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We state that electrons are subatomic particles with no known subcomponents.

We discover that these electrons behave as waves.

We also discover that sometimes, these electrons behave as point-particles.

We conclude that they're the both at the same time.

This, to me, sounds nonsensical. If this happened in math, and one discovered that 1 = 2, one would not go around saying that we have one-two duality, would we? No, we would question the axioms that we used to perform our calculations. If one-two duality is an outcome of those axioms, we should not accept one-two duality, rather we should reject the axioms!

Yet, in physics, this does not seem to be the case. Why? Why is wave-particle duality accepted, rather than the axioms rejected?

And what are the axioms in this case? Well, it's the first line in this question. We assumed electrons have no known subcomponents. Well, clearly our experimens show we're wrong. They do have subcomponents, and when the wave-like behavior of electrons occurs, it occurs precisely because of interactions between those subcomponents that we are not familiar with and therefore cannot understand.

So what am I missing? It seems like physicists have accepted this bizarre notion of wave-particle duality that even Einstein thought was an embarrassment of physics, rather than consider that some premises may be wrong and it is those wrong premises that lead to the wave-particle duality.

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    $\begingroup$ Where are experiments in your line of thinking? Moreover, but perhaps it is just semantic, I cannot judge this aspect, perhaps the idea is not that of a duality 1 = 2, but none of them..This said, perhaps we would arrive at even better formulation free of any contradiction. $\endgroup$ – Alchimista May 14 at 11:37
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    $\begingroup$ "seems like physicists have accepted this bizarre notion of wave-particle duality that even Einstein thought was an embarrassment of physics" What are you referring to here? I think you are greatly misunderstanding this here. One of Einsteins greatest achievements was explaining the photoelectric effect, which relies on quantum mechanics. $\endgroup$ – BioPhysicist May 14 at 11:58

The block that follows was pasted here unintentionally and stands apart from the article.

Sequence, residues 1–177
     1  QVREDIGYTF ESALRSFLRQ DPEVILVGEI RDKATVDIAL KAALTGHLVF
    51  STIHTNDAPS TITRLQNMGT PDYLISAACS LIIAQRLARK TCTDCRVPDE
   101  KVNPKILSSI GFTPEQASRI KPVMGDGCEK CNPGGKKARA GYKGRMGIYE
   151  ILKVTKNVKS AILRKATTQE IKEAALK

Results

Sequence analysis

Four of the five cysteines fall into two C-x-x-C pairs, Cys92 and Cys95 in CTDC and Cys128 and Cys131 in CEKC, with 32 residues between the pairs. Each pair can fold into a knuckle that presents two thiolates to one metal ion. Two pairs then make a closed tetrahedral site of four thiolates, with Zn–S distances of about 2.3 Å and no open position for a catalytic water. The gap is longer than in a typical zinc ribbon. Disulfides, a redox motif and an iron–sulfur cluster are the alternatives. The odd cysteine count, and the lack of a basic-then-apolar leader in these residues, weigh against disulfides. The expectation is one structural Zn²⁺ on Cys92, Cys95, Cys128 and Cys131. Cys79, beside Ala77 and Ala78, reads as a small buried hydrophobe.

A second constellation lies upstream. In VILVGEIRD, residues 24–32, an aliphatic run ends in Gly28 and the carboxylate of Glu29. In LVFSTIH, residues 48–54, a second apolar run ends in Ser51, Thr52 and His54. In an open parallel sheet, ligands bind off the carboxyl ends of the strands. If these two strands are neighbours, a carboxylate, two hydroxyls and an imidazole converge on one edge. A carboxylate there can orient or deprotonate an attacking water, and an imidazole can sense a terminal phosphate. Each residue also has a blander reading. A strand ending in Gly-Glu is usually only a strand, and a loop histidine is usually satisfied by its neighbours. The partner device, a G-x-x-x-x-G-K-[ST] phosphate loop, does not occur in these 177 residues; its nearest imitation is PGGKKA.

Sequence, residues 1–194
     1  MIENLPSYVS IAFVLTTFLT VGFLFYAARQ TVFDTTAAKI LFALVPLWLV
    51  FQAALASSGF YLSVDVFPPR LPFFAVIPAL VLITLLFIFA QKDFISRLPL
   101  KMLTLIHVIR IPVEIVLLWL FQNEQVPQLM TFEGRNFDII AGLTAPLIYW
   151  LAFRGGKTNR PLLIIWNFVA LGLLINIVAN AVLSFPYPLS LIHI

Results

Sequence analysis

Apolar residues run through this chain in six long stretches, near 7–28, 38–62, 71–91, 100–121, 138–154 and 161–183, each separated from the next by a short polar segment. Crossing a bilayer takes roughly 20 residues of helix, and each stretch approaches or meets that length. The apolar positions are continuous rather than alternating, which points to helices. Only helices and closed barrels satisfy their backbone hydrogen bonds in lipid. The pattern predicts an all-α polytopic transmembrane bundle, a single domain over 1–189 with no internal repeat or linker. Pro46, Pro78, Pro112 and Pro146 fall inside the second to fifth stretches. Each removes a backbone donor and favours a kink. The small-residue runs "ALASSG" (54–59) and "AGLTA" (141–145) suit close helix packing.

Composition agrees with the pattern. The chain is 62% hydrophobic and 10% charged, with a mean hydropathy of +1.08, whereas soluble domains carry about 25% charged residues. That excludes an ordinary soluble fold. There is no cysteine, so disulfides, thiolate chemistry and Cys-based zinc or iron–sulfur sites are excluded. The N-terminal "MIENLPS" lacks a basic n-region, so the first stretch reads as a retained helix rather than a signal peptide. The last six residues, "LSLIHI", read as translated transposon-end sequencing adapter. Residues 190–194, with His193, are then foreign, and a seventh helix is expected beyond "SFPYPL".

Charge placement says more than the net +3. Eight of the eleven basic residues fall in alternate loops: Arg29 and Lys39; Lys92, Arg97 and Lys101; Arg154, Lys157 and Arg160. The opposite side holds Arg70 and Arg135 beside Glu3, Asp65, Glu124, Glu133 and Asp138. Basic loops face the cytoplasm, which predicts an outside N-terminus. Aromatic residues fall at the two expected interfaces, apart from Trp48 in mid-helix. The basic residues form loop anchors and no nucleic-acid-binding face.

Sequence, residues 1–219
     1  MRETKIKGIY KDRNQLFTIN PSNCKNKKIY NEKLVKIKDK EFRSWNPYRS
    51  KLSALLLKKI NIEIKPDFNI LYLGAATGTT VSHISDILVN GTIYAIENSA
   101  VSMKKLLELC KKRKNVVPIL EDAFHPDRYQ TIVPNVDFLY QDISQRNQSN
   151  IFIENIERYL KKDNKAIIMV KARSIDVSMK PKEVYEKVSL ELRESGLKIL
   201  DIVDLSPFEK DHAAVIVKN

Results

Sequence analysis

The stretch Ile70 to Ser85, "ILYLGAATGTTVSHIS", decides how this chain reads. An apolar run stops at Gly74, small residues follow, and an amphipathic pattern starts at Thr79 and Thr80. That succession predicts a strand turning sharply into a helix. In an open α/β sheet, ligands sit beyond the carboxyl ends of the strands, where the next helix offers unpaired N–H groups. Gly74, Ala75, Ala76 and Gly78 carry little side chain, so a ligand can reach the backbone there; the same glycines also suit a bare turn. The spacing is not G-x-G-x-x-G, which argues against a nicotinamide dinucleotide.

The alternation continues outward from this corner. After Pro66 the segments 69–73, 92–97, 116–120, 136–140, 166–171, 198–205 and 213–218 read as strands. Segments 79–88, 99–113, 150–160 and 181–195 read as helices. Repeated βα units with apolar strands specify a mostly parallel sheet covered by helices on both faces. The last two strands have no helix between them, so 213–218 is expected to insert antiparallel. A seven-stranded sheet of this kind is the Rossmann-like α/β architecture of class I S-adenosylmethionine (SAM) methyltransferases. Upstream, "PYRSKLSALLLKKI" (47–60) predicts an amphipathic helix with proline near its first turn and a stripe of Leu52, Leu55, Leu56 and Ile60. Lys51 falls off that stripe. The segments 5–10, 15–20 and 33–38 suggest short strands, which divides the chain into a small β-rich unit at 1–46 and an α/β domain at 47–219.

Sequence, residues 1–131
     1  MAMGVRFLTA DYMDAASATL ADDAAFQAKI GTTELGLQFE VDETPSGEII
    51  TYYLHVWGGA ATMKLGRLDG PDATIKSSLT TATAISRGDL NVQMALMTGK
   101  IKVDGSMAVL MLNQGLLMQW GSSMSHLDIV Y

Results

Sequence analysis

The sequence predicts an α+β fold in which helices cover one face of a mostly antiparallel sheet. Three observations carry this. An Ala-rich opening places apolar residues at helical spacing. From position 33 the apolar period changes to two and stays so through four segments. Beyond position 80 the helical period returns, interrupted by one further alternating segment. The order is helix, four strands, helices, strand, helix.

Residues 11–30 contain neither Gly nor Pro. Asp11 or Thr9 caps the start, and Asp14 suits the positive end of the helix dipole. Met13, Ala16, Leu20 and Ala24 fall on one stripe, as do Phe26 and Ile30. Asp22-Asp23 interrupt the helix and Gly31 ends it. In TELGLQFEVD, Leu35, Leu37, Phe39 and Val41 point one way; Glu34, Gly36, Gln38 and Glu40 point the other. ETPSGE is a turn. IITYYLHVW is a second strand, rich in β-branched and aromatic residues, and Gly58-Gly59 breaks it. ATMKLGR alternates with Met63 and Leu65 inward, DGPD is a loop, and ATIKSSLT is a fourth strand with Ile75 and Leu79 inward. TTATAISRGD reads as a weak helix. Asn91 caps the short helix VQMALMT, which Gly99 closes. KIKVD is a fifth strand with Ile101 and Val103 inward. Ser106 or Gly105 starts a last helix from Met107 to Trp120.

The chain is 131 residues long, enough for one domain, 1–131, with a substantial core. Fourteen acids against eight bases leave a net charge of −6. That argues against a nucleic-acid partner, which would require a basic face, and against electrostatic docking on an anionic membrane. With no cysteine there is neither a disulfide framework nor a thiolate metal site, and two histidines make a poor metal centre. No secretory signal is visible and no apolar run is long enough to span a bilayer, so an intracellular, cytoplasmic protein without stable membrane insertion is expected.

• $\begingroup$ physics.stackexchange.com/q/635452/179151 $\endgroup$ – BioPhysicist May 14 at 12:05
  • $\begingroup$ Luckily not all physicists agree with this duality. there are versions of QM that treat the wave as something material too. which means that there is no contradiction between point particles and waves (which are composed of hidden particles, the hidden variables, too, though not the same obviously as the normal point particles; this of course introduces a new duality but this duality is related to the same structures., i.e., materials). $\endgroup$ – Deschele Schilder May 14 at 12:35
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I suppose OP doesn't understand what meant by Wave-Particle duality. The wave-particle duality is not a contradiction with theory, it's a state of delusion of the Human Mind. It's a situation when one is forced to choose one of nature (particle or wave) but not able to do so. Because in microscopic situations, it's possible for a particle to have both natures, it even depends on How you probe the object? It's not a failure of the electron that it's not able to choose one nature nor of our probing, it's a failure of our language, We shouldn't use terms that describe the mutually exclusive set to describe the objects in microscopic word.

A better description or a better language happens to be in terms of mathematics that we use to explain objects and this state of delusion goes away.


PS electron is an elementary particle and can not be divided into subparticles.

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Maybe, just maybe, we don't have a good word for it and we should call it a "warticle" or a "pave"? Why would you expect that a phenomenon at such a small scale can be described by words we use for the macroscopic world? Sometimes it behaves like how we know a wave behaves, sometimes it behaves like how we know a particle behaves. There is nothing more to it. Learn to live with it!

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    $\begingroup$ +1 for "warticle" and "pave" ;) $\endgroup$ – Jonas May 14 at 12:42

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